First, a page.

• More formally referred to as the “Medicare Advantage and Prescription Drug Plan annual election period”
  • Allows you to change or switch from one Medicare Advantage plan to another.
  • Allows you to make changes to, add, or drop your Medicare Part D prescription drug plan.
  • Changes go into effect January 1st.

What can you do during AEP?

  • Switch from Original Medicare to a Medicare Advantage (MA)plan (or vice versa)
  • Switch to a different Medicare Advantage plan with or without prescription drug coverage
  • Switch from one Medicare Advantage plan to another
  • Join, switch, or leave a Medicare Part D prescription drug plan
  • Switching to a new private insurer

Learn More: The Medicare Fall Enrollment Period: What You Need to Know

4. Medicare Special Enrollment Periods

You may be entitled to a Medicare Special Enrollment Period if you have a qualifying life event.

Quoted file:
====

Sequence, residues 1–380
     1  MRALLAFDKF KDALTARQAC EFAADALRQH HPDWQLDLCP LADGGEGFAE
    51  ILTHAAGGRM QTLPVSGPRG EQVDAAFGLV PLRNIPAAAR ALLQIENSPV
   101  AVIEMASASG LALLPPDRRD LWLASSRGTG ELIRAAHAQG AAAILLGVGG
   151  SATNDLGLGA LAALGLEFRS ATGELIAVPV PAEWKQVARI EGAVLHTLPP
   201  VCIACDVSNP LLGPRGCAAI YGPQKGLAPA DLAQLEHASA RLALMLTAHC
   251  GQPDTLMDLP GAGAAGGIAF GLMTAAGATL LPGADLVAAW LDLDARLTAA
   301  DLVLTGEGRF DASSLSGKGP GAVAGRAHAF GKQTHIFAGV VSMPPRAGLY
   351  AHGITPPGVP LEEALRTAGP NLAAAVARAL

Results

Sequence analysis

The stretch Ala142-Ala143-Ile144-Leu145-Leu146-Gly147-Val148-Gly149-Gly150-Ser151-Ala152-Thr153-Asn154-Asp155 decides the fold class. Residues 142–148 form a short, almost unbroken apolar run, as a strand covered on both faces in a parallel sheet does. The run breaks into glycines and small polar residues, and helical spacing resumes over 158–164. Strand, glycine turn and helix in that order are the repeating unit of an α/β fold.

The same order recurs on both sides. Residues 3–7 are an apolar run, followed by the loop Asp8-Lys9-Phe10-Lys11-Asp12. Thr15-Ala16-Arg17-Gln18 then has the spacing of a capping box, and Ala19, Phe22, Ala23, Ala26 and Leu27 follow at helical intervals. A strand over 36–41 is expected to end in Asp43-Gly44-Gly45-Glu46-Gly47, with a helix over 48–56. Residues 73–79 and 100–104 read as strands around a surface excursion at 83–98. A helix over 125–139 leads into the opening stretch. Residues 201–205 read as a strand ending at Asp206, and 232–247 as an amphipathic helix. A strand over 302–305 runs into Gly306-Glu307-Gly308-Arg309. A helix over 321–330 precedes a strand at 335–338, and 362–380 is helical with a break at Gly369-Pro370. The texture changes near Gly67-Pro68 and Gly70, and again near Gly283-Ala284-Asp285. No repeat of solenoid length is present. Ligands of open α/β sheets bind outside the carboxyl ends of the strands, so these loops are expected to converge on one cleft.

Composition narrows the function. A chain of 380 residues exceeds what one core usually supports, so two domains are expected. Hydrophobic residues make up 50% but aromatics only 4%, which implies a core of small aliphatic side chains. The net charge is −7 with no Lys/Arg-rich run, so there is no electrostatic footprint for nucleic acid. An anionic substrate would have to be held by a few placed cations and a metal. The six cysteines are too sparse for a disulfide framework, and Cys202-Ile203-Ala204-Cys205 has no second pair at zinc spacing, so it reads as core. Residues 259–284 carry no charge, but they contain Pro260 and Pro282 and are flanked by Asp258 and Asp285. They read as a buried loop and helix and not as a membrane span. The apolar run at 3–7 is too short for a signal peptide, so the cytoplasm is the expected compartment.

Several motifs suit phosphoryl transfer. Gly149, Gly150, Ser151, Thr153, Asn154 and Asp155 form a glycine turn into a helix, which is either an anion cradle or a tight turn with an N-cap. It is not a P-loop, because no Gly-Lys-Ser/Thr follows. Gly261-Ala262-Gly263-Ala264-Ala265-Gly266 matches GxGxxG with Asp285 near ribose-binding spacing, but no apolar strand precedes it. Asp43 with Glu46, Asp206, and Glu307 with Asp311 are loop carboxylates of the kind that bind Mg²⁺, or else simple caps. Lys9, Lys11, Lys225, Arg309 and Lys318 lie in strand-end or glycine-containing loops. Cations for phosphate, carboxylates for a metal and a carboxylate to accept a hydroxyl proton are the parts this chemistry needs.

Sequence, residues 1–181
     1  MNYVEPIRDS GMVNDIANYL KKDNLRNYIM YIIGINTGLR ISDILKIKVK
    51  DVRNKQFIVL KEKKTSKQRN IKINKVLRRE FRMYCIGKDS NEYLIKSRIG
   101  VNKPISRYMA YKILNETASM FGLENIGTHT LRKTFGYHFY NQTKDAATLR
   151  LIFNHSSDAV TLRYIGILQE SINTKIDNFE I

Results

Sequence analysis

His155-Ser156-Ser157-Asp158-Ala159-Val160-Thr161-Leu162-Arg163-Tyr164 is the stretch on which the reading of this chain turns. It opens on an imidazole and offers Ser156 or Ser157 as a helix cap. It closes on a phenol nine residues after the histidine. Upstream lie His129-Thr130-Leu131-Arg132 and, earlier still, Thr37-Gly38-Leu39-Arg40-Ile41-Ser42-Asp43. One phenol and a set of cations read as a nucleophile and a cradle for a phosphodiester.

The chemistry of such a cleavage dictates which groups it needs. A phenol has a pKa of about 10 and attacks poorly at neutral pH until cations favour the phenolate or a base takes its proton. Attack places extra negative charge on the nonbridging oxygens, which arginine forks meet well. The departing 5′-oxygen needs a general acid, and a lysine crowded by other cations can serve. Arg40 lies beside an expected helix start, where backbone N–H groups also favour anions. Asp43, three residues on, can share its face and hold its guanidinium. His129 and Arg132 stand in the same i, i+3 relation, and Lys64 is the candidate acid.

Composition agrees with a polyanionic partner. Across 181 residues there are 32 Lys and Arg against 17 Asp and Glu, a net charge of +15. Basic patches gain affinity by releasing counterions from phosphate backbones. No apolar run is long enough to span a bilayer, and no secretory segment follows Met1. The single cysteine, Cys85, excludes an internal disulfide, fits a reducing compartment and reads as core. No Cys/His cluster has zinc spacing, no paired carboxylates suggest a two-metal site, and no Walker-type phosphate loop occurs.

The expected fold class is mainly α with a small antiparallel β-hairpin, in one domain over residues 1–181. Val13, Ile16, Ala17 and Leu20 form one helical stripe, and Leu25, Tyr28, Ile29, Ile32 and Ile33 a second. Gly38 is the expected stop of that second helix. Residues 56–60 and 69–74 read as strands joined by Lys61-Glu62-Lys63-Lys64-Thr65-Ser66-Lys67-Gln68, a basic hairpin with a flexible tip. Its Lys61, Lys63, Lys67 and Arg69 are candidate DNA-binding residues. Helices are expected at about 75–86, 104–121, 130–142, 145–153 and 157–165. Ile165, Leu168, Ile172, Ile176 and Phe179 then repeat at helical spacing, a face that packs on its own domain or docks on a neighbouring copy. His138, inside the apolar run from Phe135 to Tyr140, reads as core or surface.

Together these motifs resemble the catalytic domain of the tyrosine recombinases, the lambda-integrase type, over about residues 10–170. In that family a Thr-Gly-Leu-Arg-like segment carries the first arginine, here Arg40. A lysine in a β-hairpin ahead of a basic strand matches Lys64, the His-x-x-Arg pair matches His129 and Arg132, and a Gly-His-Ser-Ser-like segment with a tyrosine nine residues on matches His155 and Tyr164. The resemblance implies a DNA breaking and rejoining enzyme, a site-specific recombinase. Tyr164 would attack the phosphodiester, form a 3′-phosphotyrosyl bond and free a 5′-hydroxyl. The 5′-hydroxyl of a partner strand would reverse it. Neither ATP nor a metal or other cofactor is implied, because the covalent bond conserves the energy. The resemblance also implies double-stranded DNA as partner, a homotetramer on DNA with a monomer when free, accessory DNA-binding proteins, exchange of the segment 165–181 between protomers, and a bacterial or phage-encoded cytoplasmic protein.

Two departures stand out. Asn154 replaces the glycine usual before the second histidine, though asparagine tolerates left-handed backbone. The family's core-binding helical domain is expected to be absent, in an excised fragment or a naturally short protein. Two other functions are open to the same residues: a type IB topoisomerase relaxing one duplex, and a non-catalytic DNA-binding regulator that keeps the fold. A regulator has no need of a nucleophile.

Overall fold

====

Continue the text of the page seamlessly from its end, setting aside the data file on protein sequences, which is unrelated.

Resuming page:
Examples of qualifying events

  • You move your permanent residence out of your old Medicare Advantage plan’s service area.
  • You lose your employer coverage.
  • You are disenrolled from Medicaid
  • You are enrolled in a Medicare Advantage Special Needs Plan but no longer qualify as having special needs
  • Your plan is being discontinued in your area
  • You are released from incarceration
  • You are a non-citizen who becomes a permanent resident of the United States

5. 5-Star Special Enrollment Periods

  • Triggered only if there is a Medicare plan with a 5-star rating available serving in your area.
  • Runs from December 8th and November 30th of the following year
  • You have the right to switch from your current plan to the 5-star plan.

Confused? Need help joining a plan? No problem! Contact us today to schedule a free consultation from our experts.

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Whitney Kline is one of your Personal Benefits Managers at Medigap Advisors. She loves working for Medigap Advisors especially helping clients choose the right Medicare plan.